How do you get accepted into a Master of Fine Arts (MFA) program, one of the highest paying master’s degree programs out there? Of the many pieces that go into a prospective MFA student’s application package, perhaps the most confusing is scores on standardized tests like the Graduate Record Exam (GRE) General Test. Whether you need to take the GRE at all depends on the specific requirements of the individual MFA programs to which you’re considering applying. While you’re considering your options regarding the GRE test, remember that you may also need a lot of other components to have a strong application package.
MFA Programs’ Approaches to GRE Scores: Required, Recommended and Not Needed
How MFA programs treat GRE scores as an admissions requirement is all over the place. Some MFA programs require all applicants to submit scores for the GRE General Test as part of their application but do not require students to complete any of the GRE subject tests. Other MFA programs refer to the standardized test as “recommended” rather than required.
MFA programs are increasingly dropping GRE score requirements from their MFA program admissions criteria, but this isn’t an entirely new trend. Plenty of MFA schools have viewed GRE scores as optional, or not considered them at all, for several years.
If you want to be able to apply to the broadest array of MFA programs available and feel confident that you could perform well on the GRE, it may be worth taking this test. If you have doubts about your testing performance and don’t mind taking yourself out of the running at schools that require the GRE test, it may make more sense to focus on other aspects of your MFA application.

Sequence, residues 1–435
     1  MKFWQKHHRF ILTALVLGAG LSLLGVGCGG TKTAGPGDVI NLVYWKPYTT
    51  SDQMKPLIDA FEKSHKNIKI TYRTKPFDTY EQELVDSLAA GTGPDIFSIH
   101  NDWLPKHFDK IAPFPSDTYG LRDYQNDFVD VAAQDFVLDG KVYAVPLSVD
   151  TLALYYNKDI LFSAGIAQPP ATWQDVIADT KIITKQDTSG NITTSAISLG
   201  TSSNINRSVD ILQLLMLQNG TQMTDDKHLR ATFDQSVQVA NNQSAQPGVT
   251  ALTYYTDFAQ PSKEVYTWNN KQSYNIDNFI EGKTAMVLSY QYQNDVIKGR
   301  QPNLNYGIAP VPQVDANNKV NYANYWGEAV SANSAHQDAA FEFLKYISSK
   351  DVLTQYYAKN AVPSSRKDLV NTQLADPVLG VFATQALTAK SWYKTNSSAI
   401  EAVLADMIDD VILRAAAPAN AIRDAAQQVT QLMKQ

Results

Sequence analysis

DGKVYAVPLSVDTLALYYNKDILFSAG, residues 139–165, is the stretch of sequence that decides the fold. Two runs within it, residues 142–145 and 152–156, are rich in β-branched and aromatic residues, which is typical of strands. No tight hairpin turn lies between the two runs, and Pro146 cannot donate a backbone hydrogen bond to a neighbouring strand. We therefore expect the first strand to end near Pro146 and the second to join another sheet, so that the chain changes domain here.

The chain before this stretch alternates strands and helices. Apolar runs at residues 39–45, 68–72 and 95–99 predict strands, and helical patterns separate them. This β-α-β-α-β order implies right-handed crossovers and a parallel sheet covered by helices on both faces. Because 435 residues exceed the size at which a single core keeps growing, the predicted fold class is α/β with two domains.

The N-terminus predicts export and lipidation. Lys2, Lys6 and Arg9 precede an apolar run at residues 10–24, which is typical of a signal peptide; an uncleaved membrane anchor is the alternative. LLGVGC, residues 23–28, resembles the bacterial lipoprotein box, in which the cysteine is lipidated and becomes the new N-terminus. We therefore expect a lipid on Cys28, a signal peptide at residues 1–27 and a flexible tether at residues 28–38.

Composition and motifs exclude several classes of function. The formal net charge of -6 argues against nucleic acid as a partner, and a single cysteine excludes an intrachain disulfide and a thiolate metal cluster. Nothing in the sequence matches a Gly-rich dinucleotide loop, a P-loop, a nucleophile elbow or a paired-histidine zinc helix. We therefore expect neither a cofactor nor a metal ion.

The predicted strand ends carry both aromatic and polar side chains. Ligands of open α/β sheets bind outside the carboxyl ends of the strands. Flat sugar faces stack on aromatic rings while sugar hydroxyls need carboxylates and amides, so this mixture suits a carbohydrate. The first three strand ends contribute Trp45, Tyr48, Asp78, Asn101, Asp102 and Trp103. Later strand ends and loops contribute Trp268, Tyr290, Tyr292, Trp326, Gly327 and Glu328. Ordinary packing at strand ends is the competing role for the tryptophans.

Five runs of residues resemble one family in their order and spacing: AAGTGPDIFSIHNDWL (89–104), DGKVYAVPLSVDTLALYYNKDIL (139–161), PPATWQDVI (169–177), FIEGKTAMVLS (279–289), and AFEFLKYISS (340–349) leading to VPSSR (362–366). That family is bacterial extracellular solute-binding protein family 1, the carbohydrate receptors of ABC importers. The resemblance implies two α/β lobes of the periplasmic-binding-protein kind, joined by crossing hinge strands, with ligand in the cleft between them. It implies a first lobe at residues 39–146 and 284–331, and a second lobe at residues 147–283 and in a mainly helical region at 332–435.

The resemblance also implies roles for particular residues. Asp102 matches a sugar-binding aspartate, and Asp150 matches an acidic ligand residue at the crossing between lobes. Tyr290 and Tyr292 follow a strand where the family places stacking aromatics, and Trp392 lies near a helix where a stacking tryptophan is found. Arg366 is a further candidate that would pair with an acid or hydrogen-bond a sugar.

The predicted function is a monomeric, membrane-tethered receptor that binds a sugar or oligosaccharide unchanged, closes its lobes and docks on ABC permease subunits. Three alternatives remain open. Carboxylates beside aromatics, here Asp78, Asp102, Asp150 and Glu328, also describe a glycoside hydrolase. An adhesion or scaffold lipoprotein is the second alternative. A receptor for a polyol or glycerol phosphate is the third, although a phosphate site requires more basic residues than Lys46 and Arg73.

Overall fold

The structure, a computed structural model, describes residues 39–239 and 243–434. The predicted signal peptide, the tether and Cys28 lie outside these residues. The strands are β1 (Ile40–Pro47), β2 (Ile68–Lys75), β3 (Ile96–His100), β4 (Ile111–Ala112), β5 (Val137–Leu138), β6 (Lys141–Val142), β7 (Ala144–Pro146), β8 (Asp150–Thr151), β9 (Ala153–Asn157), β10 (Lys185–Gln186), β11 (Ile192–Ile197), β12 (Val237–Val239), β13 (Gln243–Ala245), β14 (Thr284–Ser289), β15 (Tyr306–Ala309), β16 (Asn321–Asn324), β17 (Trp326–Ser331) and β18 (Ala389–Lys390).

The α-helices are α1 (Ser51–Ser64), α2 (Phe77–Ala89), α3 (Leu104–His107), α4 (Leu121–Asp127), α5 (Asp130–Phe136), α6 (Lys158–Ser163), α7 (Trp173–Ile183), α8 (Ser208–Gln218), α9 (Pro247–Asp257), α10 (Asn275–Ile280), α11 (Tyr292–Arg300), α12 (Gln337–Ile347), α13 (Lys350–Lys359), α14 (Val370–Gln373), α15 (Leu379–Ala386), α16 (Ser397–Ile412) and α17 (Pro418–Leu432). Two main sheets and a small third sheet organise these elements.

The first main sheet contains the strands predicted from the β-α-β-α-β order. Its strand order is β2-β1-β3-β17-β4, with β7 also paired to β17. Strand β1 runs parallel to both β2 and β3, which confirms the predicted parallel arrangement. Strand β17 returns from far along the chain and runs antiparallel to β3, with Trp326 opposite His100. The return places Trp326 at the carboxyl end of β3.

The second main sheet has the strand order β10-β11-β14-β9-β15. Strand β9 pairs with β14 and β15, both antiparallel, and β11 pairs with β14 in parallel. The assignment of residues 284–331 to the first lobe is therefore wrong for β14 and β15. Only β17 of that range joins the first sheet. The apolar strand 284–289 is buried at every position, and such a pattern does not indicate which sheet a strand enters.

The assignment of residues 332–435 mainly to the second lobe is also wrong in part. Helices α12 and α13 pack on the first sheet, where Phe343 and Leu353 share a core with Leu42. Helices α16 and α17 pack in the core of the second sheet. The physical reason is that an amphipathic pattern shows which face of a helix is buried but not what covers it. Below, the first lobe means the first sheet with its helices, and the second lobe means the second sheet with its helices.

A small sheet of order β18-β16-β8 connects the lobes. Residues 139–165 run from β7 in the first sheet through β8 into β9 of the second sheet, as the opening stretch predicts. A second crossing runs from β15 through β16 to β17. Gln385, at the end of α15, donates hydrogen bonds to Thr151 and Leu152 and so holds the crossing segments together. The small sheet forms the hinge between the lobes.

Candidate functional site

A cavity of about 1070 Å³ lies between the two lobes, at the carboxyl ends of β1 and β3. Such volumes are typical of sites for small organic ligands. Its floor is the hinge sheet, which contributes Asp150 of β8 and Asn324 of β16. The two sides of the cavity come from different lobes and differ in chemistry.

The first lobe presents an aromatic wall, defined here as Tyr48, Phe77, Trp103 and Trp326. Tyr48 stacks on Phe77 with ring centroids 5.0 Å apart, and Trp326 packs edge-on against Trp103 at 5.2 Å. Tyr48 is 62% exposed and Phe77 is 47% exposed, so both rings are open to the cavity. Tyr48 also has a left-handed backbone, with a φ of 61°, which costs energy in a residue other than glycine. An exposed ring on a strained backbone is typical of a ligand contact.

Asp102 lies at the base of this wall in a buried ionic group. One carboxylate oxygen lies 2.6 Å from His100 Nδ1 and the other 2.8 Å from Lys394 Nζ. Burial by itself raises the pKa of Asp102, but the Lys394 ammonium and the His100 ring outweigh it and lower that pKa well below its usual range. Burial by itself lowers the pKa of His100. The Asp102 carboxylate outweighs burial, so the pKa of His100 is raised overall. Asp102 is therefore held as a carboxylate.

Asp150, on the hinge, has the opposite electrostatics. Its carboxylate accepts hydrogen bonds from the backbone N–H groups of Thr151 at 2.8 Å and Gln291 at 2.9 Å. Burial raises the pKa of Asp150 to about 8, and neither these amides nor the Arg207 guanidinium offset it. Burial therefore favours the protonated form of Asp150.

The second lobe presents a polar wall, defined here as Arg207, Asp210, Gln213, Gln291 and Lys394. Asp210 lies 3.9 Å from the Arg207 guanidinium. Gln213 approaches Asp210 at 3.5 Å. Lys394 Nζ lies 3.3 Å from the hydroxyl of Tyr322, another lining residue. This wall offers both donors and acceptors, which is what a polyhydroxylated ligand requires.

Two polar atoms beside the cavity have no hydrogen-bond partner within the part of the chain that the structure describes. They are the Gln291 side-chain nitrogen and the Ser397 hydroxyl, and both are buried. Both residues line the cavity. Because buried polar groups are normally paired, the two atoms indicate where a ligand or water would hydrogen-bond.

What college or department your MFA program is based out of can play a part in determining if you must take the GRE. GRE scores are slightly more likely to be required in programs run out of a Graduate School English department than a School of Art.
What You Need to Apply for an MFA Program
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Even if an MFA program to which you’re applying does recommend or require you to submit GRE scores, not having an outstanding score isn’t necessarily a dealbreaker. The admissions personnel looking at MFA applications are more likely to evaluate your entire package of application materials than they are to automatically disqualify you based on your standardized test scores.
Generally, the strength of your portfolio is the factor that MFA programs weigh most heavily when reviewing your application, according to U.S. News & World Report. Your portfolio matters so much because it is the representation you submit that showcases the best works of art you have created so far. Admissions personnel in an MFA program in any type of art want to see your level of talent and mastery of technique so that they can determine if you would be a good fit for their program. Depending on what kind of MFA program you are applying to, your portfolio could consist of reproductions of your own original artwork in any visual medium; a writing sample of fiction, nonfiction or poetry; or a filmed performance. Some MFA programs may require in-person auditions for students intending to study performance-based arts.
Beyond the portfolio, your application to an MFA program will include a personal essay or statement. This essay is your chance to convince the admissions team that you belong in the MFA program. Although the specific requirements for the essay can vary from one MFA program to another, you will likely discuss your background and its relevance to the arts, what insights or passion your participation can bring to the program and what you hope to achieve by earning your MFA. You will also be required to submit a transcript of your undergraduate coursework. Many MFA programs require two to three letters of recommendation from someone who can speak to your artistic or academic abilities, especially from the perspective of a former instructor or a supervisor.
Whether or not your MFA program requires GRE scores, you may have to take a standardized test, the Test of English as a Foreign Language (TOEFL), if English isn’t your native language. This test evaluates your proficiency in communicating in English.